Pastor's Corner

23 May
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Mid-Week Challenge

Were there dinosaurs on the Ark? How did the sun “stand still” one day?  Where did Caine get his wife?  All of these are questions we asked in Sunday School as kids but we often found adults slow to answer.  Most often we were told to just take it on faith.  Children today are growing up in a world of technology so slow or faith only answers from adults just don’t cut it for them.  Instead of asking a teacher, children often go directly to Siri or Google to find answers.  It is not that their questions have changed but the source of their answers has.  The well-meaning adults who taught us might have caused you to grow up thinking that asking questions of the Bible was sinful.  Due to this you might have tried to force these hard questions to the back parts of your mind. Children today don’t have that option and nor should we continue to accept it for our own self.  Asking questions about your faith, science and hard topics in the Bible is not sinful, in fact, they are helpful in your personal spiritual grown.  Getting comfortable with questions was a theme shared by many speakers at “Jesus Rode a Dinosaur and Other Silly Tales,” a youth ministry conference aimed at talking to teenagers about science held earlier this month at Colonial Church of Edina outside Minneapolis. 

At the conference, speakers addressed the “hard subjects” from the Bible and our modern times.  Answers ranged from traditional conservative to more modern approaches but the important thing is students were encouraged to ask.  Students are just as curious, if not more so, today than ever before.  As parents and student leaders in the church we should welcome their questions.  God is not scared of our questions and we should not be ashamed when we are honest about our doubts.  One of the best answers you can give when asked a hard question is “I don’t know.”  Not that you leave the subject it there, now you have the opportunity to discover the truth together.  Entering this exercise together with your child or student will not only help them but you too!  But don’t trust everything you read.  Make sure to align yourself with sources that will approach the topic the same way you do.  Websites like is a good place to start.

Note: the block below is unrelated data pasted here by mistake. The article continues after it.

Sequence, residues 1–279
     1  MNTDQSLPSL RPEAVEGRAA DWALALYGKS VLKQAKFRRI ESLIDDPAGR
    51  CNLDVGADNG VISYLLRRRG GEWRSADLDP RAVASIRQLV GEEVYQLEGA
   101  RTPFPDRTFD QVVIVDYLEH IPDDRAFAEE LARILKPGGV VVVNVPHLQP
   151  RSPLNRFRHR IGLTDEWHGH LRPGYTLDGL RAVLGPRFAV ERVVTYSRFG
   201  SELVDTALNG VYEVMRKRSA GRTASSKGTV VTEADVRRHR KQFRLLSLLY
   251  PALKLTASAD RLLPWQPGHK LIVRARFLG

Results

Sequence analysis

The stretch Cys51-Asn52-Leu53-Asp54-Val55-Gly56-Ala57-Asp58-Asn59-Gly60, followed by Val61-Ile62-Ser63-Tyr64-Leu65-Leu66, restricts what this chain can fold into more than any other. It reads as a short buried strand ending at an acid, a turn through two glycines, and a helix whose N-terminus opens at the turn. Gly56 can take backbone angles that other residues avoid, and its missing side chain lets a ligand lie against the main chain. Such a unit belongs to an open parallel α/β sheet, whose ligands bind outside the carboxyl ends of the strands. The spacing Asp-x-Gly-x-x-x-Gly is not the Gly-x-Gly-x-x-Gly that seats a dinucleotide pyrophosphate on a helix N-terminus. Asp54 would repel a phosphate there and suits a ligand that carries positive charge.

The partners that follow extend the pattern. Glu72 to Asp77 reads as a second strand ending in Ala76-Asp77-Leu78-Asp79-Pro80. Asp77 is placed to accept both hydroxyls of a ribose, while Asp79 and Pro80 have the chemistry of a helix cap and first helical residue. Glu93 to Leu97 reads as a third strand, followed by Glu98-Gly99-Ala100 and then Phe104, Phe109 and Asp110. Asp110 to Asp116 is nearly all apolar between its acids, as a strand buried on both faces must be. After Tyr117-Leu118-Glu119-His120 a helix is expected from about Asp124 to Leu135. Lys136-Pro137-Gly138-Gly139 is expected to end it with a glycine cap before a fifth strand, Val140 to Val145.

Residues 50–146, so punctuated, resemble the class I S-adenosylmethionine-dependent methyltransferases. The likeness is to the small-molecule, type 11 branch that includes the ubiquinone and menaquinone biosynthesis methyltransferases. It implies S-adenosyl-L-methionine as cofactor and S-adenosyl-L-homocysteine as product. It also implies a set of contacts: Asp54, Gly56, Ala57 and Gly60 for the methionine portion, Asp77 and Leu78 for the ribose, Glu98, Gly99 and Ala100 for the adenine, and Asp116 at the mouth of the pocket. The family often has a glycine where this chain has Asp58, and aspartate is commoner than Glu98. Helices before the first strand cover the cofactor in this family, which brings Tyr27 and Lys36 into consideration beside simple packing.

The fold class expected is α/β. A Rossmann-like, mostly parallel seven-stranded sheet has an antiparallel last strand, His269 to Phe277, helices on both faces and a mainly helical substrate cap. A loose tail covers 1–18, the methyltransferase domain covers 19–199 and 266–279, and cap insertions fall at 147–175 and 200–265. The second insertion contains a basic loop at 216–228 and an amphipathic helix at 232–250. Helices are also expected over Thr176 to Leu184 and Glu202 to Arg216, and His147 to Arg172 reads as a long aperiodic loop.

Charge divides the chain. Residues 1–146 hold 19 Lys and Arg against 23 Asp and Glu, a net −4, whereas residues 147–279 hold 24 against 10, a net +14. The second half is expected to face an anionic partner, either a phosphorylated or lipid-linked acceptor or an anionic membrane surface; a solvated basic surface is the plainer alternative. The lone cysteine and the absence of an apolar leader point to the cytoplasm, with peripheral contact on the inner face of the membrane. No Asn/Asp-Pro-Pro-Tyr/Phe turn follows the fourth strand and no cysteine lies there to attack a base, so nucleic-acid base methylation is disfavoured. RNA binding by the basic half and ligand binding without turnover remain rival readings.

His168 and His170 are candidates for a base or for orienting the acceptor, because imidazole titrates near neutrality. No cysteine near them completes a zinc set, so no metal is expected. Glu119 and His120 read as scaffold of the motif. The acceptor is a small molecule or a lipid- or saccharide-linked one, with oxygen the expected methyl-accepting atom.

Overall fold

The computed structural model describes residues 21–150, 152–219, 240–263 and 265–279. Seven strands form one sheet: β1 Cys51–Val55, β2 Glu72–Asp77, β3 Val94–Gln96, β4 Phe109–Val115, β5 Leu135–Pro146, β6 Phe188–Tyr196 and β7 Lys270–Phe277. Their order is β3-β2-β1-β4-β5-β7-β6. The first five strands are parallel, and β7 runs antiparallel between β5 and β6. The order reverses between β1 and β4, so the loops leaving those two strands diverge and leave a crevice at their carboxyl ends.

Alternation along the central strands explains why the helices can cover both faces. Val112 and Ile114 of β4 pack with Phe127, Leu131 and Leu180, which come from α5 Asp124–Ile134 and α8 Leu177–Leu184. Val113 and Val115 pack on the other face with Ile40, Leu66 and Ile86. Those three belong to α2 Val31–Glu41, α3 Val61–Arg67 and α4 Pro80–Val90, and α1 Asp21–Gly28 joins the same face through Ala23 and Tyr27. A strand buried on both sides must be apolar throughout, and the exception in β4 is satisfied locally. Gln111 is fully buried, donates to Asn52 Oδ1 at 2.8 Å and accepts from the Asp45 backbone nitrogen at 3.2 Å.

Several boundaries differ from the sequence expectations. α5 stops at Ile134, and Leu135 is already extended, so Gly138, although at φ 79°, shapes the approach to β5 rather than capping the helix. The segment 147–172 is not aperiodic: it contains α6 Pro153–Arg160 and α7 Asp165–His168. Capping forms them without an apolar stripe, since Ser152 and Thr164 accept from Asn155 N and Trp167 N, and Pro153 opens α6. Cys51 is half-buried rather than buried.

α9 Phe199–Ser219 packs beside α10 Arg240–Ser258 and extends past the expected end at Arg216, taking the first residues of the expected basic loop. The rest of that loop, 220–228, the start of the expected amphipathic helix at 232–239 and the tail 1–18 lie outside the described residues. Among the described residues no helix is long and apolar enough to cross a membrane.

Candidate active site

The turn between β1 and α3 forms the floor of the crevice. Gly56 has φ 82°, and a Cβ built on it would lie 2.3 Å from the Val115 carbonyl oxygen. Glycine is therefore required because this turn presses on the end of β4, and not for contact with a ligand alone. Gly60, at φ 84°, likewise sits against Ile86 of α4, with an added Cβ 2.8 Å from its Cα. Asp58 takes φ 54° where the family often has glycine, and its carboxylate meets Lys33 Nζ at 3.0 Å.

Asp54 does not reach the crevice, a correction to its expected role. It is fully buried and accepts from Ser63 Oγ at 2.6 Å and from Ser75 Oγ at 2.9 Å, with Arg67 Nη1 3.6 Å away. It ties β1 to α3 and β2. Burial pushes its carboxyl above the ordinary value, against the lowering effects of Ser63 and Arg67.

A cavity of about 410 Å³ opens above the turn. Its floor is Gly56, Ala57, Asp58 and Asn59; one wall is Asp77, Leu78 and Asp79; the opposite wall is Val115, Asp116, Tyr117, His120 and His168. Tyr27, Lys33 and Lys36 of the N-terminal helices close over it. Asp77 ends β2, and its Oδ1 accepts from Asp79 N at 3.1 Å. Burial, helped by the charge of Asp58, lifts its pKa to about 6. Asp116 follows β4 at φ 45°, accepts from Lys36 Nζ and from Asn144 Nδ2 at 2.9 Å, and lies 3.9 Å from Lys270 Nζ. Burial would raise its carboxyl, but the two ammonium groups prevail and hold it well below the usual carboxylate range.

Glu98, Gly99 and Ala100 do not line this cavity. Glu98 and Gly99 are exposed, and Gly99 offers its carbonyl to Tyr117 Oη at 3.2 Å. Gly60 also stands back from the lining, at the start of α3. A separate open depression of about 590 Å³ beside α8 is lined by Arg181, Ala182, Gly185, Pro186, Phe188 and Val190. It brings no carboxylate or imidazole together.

Don’t expect your children to believe in something you do not.  Know what you believe and why.  There is too much at stake and there are too many resources available to not do our homework.  

 “Come now, let us reason together, says the Lord:” Isaiah 1:18 

Serving the Savior

Bro. Jonathan

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